Therapy can help with specific issues, like our response to things that have happened to us, either as a child or  an adult: 

  • bereavement
  • relationship difficulties
  • work stress and/or redundancy
  • bullying
  • coping with the legacy of abuse (emotional, physical or sexual) or neglect

Life transitions can sometimes trip us up, leaving us floundering. Therapy can help with these:

  • Getting married, or settling down
  • Becoming - and being - a parent (especially if our own experience of being parented was difficult)
  • The empty nest syndrome, when children move out. What happens to our identity?
  • The menopause/mid-life crisis
  • Retirement
  • Caring for elderly parents

Therapy can also help with struggles we may have around accepting who we are, such as:

  • living with a chronic physical or emotional/mental health disorder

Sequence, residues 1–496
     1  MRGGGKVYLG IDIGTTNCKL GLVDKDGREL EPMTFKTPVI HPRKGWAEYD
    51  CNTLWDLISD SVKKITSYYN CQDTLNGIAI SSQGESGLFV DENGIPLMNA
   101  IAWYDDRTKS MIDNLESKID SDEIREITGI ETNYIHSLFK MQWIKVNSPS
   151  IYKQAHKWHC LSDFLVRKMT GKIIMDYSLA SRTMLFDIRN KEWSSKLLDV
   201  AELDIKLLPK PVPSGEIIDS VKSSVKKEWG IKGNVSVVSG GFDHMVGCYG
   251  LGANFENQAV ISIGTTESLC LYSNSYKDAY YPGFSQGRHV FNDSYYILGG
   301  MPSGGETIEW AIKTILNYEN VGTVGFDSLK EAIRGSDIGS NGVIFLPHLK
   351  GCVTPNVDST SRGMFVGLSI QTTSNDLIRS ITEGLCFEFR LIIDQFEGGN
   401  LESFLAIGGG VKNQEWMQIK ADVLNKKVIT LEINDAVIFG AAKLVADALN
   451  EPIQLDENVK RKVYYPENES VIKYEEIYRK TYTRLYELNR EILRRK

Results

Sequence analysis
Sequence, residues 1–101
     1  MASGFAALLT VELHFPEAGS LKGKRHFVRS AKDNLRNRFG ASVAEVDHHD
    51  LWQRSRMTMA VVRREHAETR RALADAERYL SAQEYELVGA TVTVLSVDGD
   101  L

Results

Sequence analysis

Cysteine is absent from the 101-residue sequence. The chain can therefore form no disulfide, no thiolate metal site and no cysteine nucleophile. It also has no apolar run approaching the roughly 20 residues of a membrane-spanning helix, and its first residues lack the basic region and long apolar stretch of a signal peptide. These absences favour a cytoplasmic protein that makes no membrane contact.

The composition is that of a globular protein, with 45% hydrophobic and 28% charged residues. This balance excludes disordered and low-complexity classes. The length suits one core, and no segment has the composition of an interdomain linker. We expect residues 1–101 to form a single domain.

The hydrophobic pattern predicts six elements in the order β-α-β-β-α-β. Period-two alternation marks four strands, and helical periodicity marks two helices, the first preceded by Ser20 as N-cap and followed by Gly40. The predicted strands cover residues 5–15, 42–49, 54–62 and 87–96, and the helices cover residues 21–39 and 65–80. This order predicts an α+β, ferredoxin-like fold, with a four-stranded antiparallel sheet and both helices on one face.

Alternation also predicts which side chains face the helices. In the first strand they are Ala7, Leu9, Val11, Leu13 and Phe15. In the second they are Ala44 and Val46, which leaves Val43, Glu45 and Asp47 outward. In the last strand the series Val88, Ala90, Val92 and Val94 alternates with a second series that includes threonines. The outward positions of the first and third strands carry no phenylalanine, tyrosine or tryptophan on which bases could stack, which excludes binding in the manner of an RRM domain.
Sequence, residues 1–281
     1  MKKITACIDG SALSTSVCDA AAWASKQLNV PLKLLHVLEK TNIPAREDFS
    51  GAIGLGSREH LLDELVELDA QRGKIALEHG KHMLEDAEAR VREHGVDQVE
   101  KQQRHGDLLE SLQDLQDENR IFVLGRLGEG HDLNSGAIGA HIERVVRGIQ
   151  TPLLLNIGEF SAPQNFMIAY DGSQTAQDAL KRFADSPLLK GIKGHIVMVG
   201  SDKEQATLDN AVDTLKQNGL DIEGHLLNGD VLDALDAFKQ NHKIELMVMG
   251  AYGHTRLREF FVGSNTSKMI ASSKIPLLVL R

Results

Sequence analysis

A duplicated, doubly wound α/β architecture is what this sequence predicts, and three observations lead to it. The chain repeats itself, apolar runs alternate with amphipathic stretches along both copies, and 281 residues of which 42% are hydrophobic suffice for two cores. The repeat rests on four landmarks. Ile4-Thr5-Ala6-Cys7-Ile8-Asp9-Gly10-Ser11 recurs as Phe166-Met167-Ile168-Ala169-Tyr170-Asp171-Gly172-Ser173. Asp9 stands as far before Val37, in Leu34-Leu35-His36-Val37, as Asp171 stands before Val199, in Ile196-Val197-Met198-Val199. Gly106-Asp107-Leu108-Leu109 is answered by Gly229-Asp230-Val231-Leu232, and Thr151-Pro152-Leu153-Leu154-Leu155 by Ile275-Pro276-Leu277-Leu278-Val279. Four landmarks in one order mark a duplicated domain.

• body image problems - living in a body that we find hard to like or accept, or that we might feel has let us down 
  • sexual or gender identity

And then there are the struggles that are perhaps harder to define or identify the root of, but that cause us misery and can feel utterly overwhelming:

  • Low self-esteem and lack of self-worth, or self-hatred
  • Depression
  • Anxiety
  • Anger management difficulties
  • Difficulties in making and maintaining relationships,
  • Feeling unable to trust others and general feelings of insecurity 
  • Feeling that there must be more to life - that you are only living half a life

Many people who come to therapy are extremely successful in specific areas (such as their career), but feel unfulfilled in other areas of their life. Sometimes such struggles are masked (perhaps even to ourselves) by problems such as:

  • Disordered eating
  • Excessive alcohol consumption or drug use
  • Self-harm
  • Frequent, short-term sexual relationships ('one night stands')

But therapy doesn't just have to be about dealing with difficulties.  Therapy is a fantastic way to get to know yourself better - a journey of discovery.